Report offers comprehensive look at Canadian WEEE collection

Report offers comprehensive look at Canadian WEEE collection

By Editorial Staff, Resource Recycling

Ontario-based CM Consulting has released an in-depth look at the state of e-scrap collection in Canada, and it presents some notable province-by-province program comparisons.

"The Canadian WEEE Report," which was funded by Canadian government bodies as well as industry stakeholders and environmental groups, is one of the latest efforts to try to assess how a nascent area of public policy is progressing. The group's research shows that Ontario leads Canada in terms of weight collected per capita and spends less per ton than any other province.  Saskatchewan, meanwhile, leads the way when it comes to getting the word out about its program to residents.

Those facts, and others, emerge in the report's "Provincial Program Summaries" section. The text lays out the framework each province is using to handle WEEE and also shows basic statistics including the total weight of material collected, the number of collection sites available and resident awareness of the program. The following chart demonstrates how the six provinces with the most developed WEEE programs compare in key areas:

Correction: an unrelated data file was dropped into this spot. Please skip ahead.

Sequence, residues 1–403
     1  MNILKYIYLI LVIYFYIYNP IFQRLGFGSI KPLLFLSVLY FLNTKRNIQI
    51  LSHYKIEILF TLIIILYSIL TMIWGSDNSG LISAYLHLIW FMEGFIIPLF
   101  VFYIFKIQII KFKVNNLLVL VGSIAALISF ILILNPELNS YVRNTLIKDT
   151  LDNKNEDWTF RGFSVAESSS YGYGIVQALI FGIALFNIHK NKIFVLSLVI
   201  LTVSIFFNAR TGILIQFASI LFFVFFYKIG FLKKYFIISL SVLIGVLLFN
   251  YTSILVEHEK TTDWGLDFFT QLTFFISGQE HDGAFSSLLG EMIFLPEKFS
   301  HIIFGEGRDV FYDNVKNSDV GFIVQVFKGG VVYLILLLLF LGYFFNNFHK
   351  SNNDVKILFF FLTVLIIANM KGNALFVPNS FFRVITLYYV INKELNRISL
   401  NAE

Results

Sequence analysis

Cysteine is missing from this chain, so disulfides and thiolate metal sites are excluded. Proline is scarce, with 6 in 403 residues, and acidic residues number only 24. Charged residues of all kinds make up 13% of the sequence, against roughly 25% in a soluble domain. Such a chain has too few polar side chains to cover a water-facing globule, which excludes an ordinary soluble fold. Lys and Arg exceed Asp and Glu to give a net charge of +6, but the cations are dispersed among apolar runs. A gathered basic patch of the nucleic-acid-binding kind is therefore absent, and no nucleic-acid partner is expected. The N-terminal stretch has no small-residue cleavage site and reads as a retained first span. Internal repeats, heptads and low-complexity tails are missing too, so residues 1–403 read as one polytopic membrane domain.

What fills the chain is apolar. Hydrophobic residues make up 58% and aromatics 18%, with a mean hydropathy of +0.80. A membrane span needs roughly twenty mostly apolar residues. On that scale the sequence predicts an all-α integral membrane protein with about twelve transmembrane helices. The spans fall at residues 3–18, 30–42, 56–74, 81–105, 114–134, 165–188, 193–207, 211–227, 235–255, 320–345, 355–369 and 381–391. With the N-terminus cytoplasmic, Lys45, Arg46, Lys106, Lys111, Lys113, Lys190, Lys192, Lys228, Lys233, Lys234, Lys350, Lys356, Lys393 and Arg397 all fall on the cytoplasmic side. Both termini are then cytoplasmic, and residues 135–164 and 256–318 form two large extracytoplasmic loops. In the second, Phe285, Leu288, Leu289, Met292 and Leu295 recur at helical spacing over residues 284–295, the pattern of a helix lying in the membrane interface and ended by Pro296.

The remaining four Canadian provinces -- Manitoba, Quebec, New Brunswick and Newfoundland/Labrador -- are not included in the breakdown because their collection programs have either yet to launch or have been operating for less than a year, according to the report.

Canada in recent years has made strides in coordinating provincial WEEE efforts through the Electronic Products Recycling Association, an industry-led nonprofit group that is now helping to lead WEEE collection in seven of the 10 provinces. Ontario relies on its own nonprofit industry organization, Ontario Electronic Stewardship.

As more governments aim to introduce legislation and programs to collect e-scrap, generating comparisons and best practices is growing increasingly important. In the U.S., the Electronics Recycling Coordination Clearinghouse recently announced it is undertaking a study to assess program awareness among residents in the 25 states with electronics recycling laws on the books.

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